August 2, 2021 - Banquet for the Broke - A Reflection on Matthew 14:13-21

Now when Jesus heard this, he withdrew from there in a boat to a deserted place by himself. But when the crowds heard it, they followed him on foot from the towns. When he went ashore, he saw a great crowd; and he had compassion for them and cured their sick. When it was evening, the disciples came to him and said, “This is a deserted place, and the hour is now late; send the crowds away so that they may go into the villages and buy food for themselves.” Jesus said to them, “They need not go away; you give them something to eat.” They replied, “We have nothing here but five loaves and two fish.” And he said, “Bring them here to me.” Then he ordered the crowds to sit down on the grass. Taking the five loaves and the two fish, he looked up to heaven, and blessed and broke the loaves, and gave them to the disciples, and the disciples gave them to the crowds. And all ate and were filled; and they took up what was left over of the broken pieces, twelve baskets full. And those who ate were about five thousand men, besides women and children.

When reading today’s passage I was reminded of something the prophet Isaiah had said a long time ago. It seems confusing, but when seen in the light of today’s story it makes sense. Isaiah said, “Come, all you who are thirsty, come to the waters; and you who have no money, come, buy and eat! Come, buy wine and milk without money and without cost. Why spend money on what is not bread, and your labor on what does not satisfy? Listen, listen to me, and eat what is good, and you will delight in the richest of fare” (Isaiah 55:1-2).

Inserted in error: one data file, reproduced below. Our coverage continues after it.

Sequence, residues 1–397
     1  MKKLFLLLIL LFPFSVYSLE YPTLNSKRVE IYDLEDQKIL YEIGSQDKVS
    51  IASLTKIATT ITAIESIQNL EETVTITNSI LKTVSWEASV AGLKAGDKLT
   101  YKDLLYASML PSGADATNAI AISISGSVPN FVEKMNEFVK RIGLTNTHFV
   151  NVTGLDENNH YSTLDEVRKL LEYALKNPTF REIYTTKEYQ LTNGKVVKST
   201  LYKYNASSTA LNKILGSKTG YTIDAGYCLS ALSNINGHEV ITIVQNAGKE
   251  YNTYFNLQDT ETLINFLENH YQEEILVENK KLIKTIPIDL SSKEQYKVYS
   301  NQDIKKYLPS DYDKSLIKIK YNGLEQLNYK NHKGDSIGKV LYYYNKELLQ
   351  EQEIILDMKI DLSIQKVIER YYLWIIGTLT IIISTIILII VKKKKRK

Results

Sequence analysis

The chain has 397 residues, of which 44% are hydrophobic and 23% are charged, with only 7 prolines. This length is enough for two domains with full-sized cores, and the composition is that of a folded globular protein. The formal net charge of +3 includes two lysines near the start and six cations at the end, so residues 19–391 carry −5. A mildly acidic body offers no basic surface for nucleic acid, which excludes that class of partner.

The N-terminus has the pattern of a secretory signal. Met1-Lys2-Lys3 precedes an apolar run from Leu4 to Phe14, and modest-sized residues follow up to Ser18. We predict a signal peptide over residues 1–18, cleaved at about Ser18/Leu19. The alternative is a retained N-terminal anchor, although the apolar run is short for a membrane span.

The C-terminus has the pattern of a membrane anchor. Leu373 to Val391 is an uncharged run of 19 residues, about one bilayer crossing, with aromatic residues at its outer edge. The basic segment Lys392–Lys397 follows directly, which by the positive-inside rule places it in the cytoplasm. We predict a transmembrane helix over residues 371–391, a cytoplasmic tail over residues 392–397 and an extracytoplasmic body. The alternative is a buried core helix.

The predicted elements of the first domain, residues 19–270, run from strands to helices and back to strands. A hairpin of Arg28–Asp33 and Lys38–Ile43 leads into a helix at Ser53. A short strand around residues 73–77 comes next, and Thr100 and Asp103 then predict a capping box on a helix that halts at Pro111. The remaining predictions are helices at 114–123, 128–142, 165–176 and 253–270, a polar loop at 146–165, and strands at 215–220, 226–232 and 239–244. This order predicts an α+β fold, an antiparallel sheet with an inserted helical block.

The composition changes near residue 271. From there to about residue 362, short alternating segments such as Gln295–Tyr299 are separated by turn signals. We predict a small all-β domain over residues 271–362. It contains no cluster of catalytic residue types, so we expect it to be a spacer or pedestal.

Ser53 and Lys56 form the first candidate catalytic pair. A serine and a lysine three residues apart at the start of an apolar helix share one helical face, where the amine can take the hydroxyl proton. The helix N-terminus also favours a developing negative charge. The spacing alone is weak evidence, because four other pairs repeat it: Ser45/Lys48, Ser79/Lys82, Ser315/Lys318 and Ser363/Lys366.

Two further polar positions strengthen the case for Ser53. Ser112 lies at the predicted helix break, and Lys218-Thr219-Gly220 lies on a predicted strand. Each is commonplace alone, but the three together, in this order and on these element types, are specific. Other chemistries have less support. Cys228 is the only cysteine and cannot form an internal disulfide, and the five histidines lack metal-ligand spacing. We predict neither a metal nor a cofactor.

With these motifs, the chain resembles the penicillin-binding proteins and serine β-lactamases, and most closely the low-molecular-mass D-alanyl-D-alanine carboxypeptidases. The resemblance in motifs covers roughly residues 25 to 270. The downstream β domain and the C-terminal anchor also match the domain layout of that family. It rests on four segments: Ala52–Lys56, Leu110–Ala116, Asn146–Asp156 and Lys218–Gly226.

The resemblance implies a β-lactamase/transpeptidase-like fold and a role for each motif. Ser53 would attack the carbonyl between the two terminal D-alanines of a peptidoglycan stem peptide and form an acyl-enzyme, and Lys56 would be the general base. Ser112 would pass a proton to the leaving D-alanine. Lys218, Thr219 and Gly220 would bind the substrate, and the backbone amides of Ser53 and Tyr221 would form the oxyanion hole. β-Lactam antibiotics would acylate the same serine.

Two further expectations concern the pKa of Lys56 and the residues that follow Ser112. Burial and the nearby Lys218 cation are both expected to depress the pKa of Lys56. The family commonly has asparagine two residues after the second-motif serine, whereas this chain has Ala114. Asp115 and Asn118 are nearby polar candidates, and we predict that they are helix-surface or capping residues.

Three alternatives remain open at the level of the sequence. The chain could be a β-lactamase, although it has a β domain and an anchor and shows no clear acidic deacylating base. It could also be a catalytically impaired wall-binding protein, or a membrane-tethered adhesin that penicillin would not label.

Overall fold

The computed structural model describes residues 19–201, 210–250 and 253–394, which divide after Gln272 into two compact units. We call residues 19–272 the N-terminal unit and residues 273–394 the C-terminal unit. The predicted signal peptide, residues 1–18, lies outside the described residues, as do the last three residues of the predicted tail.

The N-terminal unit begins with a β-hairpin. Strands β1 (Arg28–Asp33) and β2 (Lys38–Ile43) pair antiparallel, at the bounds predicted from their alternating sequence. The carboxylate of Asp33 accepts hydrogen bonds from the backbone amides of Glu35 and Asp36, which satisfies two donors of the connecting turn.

“You who have no money, come buy and eat.” That sounds like a paradox: How do you buy anything without money? But that’s exactly the point. What Jesus offers cannot be bought. In our story today, he feeds thousands of people food, and they don’t have to pay for it because Jesus provides. There are no limitations on what they can eat, either, because it is available in plenty, and when they are done eating to their hearts content, there is still plenty left over. 

This story has an even greater significance when you realize this is true of our salvation. Some of us imagine, like the Pharisees did, that we can work our way into heaven. But, as Paul says, “it is by grace you have been saved, through faith —and this is not from yourselves, it is the gift of God— not by works, so that no one can boast” (Ephesians 2:8-9). No matter how rich we might imagine we are, in truth we are all paupers; spiritually bankrupt people. God, however, provides us with the bread of life at no cost.

And he also provides waters—in plural! He says to those who are thirsty: “Come to the waters”. Water is needed for life; in its plural form it indicates an abundance of it. But then he adds even to this, offering wine and milk, which serve to cheer, nourish, and strengthen. In the gospel of Luke, Jesus tells the parable of a landowner who has a bountiful crop (see yesterday’s reflection). Delighted, he decided to build barns to store his grain, while he planned an early retirement which he would spend on eating, drinking and making merry.

God told him this life was going to end that night: who were the barns he was building for? We spend so much of time and effort on securing our happiness here in this life, while neglecting what follows in the next. This is remarkably short-sighted and foolish. Let us go to Jesus today for the eternal future that he provides. “Your Father.” Jesus said, “has been pleased to give you the kingdom” (Luke 12:32).

You who have no money, come buy and eat!